Communication Sciences & Disorders
Every basic interaction with friends, family, and co-workers depends on the ability to communicate effectively. Helping people overcome challenges associated with speech, language, and other communication disorders provides the framework for an amazing career.
The Department of Communication Sciences and Disorders combines classroom learning with clinical experience to prepare you for a meaningful and rewarding career in speech-language pathology, audiology, occupational therapy, or related disciplines. Our Undergraduate Program immerses you in skills and environments that provide a solid framework for further study or a job in the field after graduation. The department’s Graduate Program is nationally ranked and has a 100% employment rate. We also offer a Health Communication program that qualifies you to serve as a bridge between scientists, clinicians, and the public.
Real-world, collaborative training opportunities abound at Emerson, including our on-campus Robbins Center, which provides evaluation and treatment services for children and adults with communication disorders and differences. These experiences are augmented by clinical fieldwork at any of more than 100 clinical sites in the greater Boston area. Guided by the exceptionally committed experts on Emerson’s faculty, your training will qualify you to make a tangible, positive difference in the lives of others.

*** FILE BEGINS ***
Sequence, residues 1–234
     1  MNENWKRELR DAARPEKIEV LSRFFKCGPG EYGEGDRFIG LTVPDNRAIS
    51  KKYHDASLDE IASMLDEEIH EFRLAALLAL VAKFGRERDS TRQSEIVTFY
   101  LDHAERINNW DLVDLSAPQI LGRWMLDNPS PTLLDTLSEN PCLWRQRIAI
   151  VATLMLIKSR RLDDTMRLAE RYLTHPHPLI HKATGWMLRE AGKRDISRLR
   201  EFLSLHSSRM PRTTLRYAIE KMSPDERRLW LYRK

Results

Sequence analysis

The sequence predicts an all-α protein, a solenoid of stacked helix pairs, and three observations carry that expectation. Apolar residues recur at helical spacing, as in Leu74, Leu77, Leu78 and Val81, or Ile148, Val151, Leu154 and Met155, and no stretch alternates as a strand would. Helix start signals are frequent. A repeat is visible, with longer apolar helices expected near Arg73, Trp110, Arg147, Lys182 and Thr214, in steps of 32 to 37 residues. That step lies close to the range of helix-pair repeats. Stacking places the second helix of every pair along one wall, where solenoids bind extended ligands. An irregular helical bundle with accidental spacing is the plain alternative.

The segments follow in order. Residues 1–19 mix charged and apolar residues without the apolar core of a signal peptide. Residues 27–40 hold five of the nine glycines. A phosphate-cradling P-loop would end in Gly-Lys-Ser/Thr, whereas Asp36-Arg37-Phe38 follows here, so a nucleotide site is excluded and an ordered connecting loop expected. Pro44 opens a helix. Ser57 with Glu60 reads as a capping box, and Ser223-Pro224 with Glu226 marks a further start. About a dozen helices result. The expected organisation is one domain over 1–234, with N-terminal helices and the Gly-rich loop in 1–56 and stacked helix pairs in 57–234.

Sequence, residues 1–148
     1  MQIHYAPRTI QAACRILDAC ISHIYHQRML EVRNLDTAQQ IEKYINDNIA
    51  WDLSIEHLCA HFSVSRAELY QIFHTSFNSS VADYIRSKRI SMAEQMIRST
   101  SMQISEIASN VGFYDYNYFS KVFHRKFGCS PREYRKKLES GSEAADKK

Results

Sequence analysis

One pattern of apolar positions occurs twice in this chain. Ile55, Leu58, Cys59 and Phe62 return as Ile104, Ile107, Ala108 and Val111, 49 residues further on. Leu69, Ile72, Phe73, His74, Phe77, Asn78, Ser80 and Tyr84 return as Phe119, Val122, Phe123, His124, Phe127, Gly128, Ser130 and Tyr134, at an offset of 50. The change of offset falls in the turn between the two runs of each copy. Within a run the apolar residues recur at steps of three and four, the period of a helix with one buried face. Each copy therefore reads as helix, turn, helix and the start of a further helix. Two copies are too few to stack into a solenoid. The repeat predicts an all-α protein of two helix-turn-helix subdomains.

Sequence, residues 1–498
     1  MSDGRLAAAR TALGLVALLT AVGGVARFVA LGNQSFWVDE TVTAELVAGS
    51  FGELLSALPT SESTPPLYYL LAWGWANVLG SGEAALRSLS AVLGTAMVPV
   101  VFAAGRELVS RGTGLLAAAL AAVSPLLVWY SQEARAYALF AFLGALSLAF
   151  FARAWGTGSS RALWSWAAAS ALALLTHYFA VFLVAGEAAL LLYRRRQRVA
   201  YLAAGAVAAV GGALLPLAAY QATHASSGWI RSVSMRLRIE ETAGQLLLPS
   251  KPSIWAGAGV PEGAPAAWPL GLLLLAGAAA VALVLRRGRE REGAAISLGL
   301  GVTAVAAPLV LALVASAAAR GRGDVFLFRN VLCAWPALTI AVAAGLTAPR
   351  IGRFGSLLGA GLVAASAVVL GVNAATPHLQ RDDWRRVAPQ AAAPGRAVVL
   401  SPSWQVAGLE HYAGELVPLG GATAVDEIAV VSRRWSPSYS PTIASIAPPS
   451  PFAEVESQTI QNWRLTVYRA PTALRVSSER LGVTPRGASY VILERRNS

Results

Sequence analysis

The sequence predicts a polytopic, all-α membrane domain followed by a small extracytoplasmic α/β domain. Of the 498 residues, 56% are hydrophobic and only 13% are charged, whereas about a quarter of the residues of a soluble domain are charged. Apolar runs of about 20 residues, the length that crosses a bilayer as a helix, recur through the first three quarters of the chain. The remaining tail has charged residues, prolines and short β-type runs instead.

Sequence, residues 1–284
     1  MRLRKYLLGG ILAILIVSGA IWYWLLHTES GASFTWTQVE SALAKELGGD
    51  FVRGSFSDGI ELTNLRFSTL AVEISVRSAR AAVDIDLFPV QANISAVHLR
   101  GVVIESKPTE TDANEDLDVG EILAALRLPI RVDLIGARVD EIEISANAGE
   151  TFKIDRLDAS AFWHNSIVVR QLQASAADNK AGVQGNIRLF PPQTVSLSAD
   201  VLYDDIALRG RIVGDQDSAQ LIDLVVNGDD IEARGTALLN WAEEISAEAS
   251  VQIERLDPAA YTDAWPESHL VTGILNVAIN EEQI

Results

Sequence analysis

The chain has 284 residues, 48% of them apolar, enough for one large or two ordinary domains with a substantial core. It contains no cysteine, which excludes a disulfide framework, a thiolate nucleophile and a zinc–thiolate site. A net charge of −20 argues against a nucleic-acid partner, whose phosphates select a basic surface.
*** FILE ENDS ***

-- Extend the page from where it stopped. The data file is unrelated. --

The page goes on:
Associate Professor Joanne Lasker shows graduate students tools for augmentative and alternative communication.
CSD Department news
See how CSD faculty, students, and alumni are shaping the fields of speech pathology, audiology, and health communication.
Katie O'Neil '09, '11
Katie O'Neil '09, '11 reveals why she chose speech pathology and how giving her students communication tools makes her feel. Watch now »
Grossman studies facial expression to aid people with autism
In her research, Communication Sciences and Disorders Assistant Professor Ruth Grossman wants to address some of the communication problems that children with autism face as they interact with others at home and school.